Today’s Cubs Birthdays (June 30)
~Mark Grudzielanek 1970– (Cubs 2003-2004)
Mark was an All-Star early in his career with the Expos and a Gold Glover at second base for the Royals late in his career, but he also made several other big league stops along the way, including Los Angeles, St. Louis, Cleveland, and of course, the Cubs. He was acquired in an excellent trade from the Dodgers that also brought Eric Karros to the team in exchange for Cubs albatross Todd Hundley. The two ex-Dodgers were key members of the Cubs team that won the division in 2003. Grudzielanek had one of the best seasons of his career, hitting .314 and providing veteran leadership to a team that came only five outs away from the World Series. The following season he got hurt, and left in free agency before the 2005 season. (Photo: Topps 2004 Baseball Card)
~Doug Dascenzo 1964– (Cubs 1988-1992)
Dascenzo was one of the best fielding outfielders in the National League during his time with the Cubs. He started his career with a then-record of 241 consecutive games without an error. Doug was an extra outfielder during the exciting Boys of Zimmer division champion season of 1989. He never really managed to claim a full-time starting position because his hitting was a little weak. His best hitting season with the Cubs was 1992, when he hit .255. While he was with the Cubs, he also pitched when they ran out of pitchers at the end of blowouts. He appeared in four games and didn’t allow a single run. Dascenzo returned to the Cubs as part of the coaching staff for the 2015 season.
~Paul Toth 1935–1999 (Cubs 1962-1964)
Toth is probably one of the most obscure pieces of the infamous Lou Brock trade. He went to the Cardinals along with Brock and Jack Spring. He never pitched in the big leagues for the Cardinals. His best year with the Cubs was 1962, when he won five games with a 3.10 ERA for an incredibly bad team.
~Joe Stephenson 1921–2001 (Cubs 1944)
Joe languished in the minor leagues for ten years, but did get a few very brief tastes of the big-time during World War II, including his very short stint with the Cubs. The catcher appeared in only four games and managed to get one hit in eight plate appearances. Stephenson’s baseball career is more notable for what he did after he retired as a player. He worked as a scout for the Red Sox and discovered the likes of Fred Lynn, Rick Burleson, Dwight Evans, and Bill “Spaceman” Lee.
~Johnny Hudson 1912–1970 (Cubs 1941)
Hudson was a backup infielder who played seven seasons in the big leagues, but remained in the game for the rest of his life (mostly as a scout for the Giants). He was dubbed “Mr. Chips” by Dodgers broadcaster Red Smith because the movie Mr. Chips was popular at the time, and Johnny always seemed to come through when the chips were down. He came to the Cubs in the historically bad trade that sent Hall of Famer Billy Herman to the Dodgers. Hudson didn’t do much in Chicago. He hit .202, while Herman led the Dodgers to the pennant.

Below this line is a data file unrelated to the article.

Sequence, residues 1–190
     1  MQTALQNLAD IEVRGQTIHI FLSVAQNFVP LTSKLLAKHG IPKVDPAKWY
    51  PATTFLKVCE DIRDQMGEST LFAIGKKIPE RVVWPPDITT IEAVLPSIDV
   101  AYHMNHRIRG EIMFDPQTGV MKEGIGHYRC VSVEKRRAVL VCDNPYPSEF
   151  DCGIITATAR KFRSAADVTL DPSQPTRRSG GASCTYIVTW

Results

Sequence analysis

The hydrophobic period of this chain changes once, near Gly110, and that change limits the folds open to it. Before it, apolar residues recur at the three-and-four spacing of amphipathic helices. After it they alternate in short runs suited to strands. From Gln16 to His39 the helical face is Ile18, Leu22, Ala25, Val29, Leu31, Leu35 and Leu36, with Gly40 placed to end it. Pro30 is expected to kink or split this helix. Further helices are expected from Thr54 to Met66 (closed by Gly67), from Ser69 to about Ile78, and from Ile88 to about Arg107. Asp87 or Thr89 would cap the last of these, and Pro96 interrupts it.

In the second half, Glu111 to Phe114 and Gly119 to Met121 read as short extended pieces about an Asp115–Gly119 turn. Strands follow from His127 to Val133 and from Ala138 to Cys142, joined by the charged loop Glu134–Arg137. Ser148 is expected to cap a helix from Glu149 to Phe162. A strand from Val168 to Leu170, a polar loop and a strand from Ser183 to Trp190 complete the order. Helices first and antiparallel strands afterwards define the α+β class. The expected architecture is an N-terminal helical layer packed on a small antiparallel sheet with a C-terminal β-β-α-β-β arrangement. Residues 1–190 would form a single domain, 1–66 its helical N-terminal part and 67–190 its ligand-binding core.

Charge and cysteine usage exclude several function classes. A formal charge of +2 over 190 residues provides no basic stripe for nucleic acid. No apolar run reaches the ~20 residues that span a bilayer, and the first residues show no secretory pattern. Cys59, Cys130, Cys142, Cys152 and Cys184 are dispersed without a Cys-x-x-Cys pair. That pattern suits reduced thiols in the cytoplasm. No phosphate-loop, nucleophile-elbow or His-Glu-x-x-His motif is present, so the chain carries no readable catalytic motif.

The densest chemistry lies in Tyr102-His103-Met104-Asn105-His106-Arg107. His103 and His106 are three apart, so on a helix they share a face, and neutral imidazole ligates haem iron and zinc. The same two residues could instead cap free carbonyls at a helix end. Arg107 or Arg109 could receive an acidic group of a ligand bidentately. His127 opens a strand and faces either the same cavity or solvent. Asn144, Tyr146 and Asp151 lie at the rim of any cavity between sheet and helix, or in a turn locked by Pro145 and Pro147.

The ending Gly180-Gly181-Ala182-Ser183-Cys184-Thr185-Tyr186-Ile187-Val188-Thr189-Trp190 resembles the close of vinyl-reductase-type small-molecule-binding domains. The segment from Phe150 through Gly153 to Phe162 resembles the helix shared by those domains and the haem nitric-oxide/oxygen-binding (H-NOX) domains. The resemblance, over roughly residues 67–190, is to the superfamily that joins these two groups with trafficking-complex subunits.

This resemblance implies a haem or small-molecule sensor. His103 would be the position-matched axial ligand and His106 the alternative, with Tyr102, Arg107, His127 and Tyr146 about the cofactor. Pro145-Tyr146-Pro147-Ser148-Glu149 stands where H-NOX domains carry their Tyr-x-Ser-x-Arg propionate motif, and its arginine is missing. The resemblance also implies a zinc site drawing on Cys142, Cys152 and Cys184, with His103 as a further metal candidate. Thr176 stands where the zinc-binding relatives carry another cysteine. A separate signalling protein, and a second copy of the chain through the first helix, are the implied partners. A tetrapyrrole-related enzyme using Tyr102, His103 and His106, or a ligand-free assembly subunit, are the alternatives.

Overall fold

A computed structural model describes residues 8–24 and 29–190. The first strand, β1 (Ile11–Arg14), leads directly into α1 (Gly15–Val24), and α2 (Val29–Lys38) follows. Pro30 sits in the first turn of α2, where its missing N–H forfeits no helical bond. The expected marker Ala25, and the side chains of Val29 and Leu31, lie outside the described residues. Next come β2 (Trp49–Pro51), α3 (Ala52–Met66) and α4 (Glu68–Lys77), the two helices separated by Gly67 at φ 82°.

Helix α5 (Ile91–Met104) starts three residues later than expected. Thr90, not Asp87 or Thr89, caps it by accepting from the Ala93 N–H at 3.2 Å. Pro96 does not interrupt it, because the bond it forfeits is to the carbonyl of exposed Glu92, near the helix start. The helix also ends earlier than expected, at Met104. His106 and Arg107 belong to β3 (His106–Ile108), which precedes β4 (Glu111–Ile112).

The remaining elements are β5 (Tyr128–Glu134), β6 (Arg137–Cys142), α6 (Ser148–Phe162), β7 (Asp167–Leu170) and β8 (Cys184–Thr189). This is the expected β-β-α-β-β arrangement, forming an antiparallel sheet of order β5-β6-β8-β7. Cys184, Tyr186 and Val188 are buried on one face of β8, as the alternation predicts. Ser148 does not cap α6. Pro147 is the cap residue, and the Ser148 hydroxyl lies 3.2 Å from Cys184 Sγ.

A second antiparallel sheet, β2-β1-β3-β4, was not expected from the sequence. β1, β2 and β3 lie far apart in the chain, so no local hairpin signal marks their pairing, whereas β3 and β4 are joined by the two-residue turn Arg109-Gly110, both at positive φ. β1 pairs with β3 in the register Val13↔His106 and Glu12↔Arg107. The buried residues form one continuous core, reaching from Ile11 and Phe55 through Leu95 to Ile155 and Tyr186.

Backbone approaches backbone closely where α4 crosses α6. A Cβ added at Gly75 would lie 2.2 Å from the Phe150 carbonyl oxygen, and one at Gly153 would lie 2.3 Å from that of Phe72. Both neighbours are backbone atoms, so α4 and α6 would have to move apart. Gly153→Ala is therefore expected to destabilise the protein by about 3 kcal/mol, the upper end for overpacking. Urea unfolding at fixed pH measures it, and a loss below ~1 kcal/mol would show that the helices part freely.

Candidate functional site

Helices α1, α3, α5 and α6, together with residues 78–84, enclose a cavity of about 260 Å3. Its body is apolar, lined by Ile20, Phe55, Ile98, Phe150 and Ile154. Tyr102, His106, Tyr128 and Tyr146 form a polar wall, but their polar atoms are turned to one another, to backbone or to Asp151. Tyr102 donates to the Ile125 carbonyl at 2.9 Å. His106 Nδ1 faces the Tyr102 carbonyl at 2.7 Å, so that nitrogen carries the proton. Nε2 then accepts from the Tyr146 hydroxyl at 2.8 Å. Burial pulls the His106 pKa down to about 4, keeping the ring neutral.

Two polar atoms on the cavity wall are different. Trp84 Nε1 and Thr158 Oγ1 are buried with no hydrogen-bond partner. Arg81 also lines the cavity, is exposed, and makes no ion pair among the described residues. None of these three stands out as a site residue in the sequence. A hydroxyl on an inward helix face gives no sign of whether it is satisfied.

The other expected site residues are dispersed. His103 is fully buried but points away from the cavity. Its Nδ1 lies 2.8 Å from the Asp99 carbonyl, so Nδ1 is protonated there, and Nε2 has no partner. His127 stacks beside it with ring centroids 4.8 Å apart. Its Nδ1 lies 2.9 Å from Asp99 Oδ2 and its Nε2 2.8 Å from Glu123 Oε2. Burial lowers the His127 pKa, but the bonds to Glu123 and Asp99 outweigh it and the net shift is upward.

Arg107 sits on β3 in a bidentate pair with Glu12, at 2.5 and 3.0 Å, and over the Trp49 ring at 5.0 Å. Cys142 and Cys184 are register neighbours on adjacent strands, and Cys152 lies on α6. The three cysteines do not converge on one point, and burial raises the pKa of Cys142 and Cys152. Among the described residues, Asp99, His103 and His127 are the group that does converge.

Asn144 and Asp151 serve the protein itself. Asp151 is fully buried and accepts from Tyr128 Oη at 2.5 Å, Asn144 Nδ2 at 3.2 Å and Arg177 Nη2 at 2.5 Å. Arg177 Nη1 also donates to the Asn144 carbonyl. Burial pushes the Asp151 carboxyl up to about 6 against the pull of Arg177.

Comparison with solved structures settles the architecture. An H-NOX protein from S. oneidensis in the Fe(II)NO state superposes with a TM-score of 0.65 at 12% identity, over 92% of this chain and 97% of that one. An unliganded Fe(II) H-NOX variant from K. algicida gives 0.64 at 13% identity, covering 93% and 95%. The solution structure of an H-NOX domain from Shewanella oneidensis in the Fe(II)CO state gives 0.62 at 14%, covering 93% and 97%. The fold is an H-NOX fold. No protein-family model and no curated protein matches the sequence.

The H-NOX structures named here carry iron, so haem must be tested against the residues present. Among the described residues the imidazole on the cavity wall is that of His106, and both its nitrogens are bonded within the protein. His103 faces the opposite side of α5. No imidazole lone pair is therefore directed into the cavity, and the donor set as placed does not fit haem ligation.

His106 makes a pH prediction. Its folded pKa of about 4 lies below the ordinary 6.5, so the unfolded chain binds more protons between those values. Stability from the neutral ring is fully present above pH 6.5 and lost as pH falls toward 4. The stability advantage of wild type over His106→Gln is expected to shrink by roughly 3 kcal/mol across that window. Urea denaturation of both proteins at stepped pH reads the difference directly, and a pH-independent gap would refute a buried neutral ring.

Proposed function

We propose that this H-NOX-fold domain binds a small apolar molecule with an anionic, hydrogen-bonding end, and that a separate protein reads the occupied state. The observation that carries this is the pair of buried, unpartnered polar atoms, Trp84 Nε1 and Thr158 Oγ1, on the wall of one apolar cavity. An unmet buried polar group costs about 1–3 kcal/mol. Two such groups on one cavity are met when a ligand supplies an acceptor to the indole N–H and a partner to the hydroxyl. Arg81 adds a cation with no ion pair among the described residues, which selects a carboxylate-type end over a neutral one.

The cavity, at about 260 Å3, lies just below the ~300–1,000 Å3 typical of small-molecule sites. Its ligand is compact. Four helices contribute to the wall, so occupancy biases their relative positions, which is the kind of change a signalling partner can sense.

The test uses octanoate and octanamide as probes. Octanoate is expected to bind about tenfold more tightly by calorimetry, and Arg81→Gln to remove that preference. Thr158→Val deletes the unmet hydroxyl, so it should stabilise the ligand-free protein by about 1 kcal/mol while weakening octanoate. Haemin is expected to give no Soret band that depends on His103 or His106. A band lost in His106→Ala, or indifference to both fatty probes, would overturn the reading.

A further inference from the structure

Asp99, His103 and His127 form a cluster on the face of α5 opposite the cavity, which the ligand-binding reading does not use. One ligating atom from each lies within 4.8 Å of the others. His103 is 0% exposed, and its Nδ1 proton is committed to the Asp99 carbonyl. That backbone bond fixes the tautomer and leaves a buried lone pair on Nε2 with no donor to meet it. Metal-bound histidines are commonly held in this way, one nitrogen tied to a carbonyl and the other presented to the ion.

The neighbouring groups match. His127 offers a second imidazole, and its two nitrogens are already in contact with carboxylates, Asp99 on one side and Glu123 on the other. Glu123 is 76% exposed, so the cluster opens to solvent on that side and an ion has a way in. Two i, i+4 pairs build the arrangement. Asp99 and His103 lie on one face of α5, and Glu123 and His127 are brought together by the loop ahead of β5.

~Jocko Flynn 1864–1907 (White Stockings 1886-1887)
Jocko pitched only one season with the Cubs (then known as the White Stockings) in 1886 and won 23 games, but he was a small man (5’6″, 143 pounds) with a very large appetite for booze. He blew out his arm and became a full-fledged alcoholic. Jocko died shortly after his 43rd birthday. He still holds the record for most wins by a pitcher who only pitched one season in the big leagues (23).
~Davy Jones 1880–1972 (Orphans/Cubs 1902-1904)
Nicknamed “Kangaroo” by his teammates, Jones was one of the colorful characters of his era. His best season with the Cubs was 1903 when he hit .282 and drove in 62 runs as the starting center fielder. The rest of his Cubs career, he was plagued with injuries and illnesses. He contracted typhoid one year and broke his leg another year. After leaving Chicago he played for the Tigers against the Cubs in the 1907 and 1908 World Series. His last game as a big leaguer was one of the most unusual finales of all-time. He was attending the game as a fan in 1918 when his old teammates asked him to come out and play. So he did. The ball is in the baseball Hall of Fame. It says: “Last ball used in game at Navin Field in last game of season, 1918, caught by Davy Jones. Hit by Shano Collins of the Chicago White Sox. Season ending on Labor Day on account of War.”